Address the myth: Eventually, the misinformation has to be acknowledged. Editors take different approaches to doing so. In the past, I have been wary of repeating a myth word-for-word, out of concern that it will stick, so I alluded to it in more general terms. When I wrote about the false narrative that Chinese people were responsible for spreading the coronavirus, I gestured to it with language like “anti-Asian sentiment linking Asians and the coronavirus.” Emma Bloomfield, an assistant professor of communications at the University of Nevada at Las Vegas who studies climate-change rhetoric, told me that she also tries to “avoid repeating any kind of specific misinformation” and recommends using broad-strokes language instead.
A different school of thought endorses stating the myth outright in order to debunk it. “We’re ready to engage with the misinformation if we need to — tell the reader what is out there,” says Bisceglio. According to Cook, older research supporting the broad-strokes approach has been supplanted by more recent research showing that “you need to activate the myth in people’s minds before they can tag it as false.” Rather than tiptoe around the myth, state it directly — just once — and clearly identify it as misinformation. Language such as “One myth is X” or “It’s a common misconception that Y” can serve to warn readers, helping put them cognitively on guard. (More on “inoculating” audiences about misinformation later.)
Explain the correction: After stating the myth, return to the facts to ensure that they stick. In the “fact-myth-fallacy” structure, the last part of an argument juxtaposes the fact and the myth, explaining the inconsistency. It isn’t enough to simply state that the misinformation is false, because doing so isn’t memorable. “You have to give an alternative explanation” or story, says Katya Ognyanova, of Rutgers. This is where you might include details about the source of the misinformation, explain why people tend to believe it, or give another reason for what’s happening. As the Debunking Handbook notes, “It is important for people to see the inconsistency in order to resolve it.”
To demonstrate this structure, let’s rely on a fictional misinformation claim that all dogs are actually surveillance robots working for Big Tech and shouldn’t be kept as pets. Debunking this myth is justified since it’s circulating nationally and animal shelters are overflowing with abandoned dogs. You’ve also learned that the misinformation is being promoted by a large company that profits from selling cat goods. Here’s how you might structure a story:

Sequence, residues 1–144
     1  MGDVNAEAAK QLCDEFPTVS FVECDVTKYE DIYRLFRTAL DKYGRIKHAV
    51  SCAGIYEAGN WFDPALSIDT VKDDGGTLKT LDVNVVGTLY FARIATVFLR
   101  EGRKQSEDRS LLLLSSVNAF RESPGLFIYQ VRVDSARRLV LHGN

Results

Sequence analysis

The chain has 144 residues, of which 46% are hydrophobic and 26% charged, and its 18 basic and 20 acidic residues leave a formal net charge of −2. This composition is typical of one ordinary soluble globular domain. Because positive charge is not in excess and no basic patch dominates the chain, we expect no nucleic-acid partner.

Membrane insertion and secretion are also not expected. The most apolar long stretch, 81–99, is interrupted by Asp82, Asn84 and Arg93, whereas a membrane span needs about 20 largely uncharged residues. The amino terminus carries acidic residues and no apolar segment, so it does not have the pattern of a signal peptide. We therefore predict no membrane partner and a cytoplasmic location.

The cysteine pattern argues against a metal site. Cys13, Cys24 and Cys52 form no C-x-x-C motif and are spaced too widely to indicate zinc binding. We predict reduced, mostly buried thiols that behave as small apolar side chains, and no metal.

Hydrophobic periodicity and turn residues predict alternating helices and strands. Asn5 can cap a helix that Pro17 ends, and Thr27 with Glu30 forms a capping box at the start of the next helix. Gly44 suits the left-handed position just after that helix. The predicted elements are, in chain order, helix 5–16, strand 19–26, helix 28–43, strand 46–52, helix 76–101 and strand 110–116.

State the facts at the beginning of the story (headline, title, lede, nut) in a straightforward, concise way.
Headline: “Dogs Are Actually Just Dogs.”
Lede: Like all animals, dogs succumb to the cycle of life and death.
Address the myth just once, head-on. Use language that clearly labels it as misinformation.
A popular myth is that dogs are robots designed to spy on their humans on behalf of Big Tech.
Juxtapose the fact with the myth. Explain the inconsistency and provide an alternative explanation.
Unlike robots, which do not age, dogs are living beings that grow old and die, as anyone who has watched a puppy grow or said a tearful goodbye to a senior dog can attest. This false rumor originated with a cat-goods company that profits when people choose to keep cats, rather than dogs, as pets.
At OneZero, Damon Beres assigned a story about a conspiracy theory that had been referenced in Congress claiming that the far-left activists known as antifa were behind the Capitol Hill insurrection in January 2021. “Essentially we wanted to show, ‘Where did these claims come from’?” he says. Crucially, the story explained that the claim had come from an anonymous source on a website associated with conspiracy theories and arose from an analysis by a dubious facial-recognition company. The story deflated the claim, anchoring the explanation in a memorable set of details.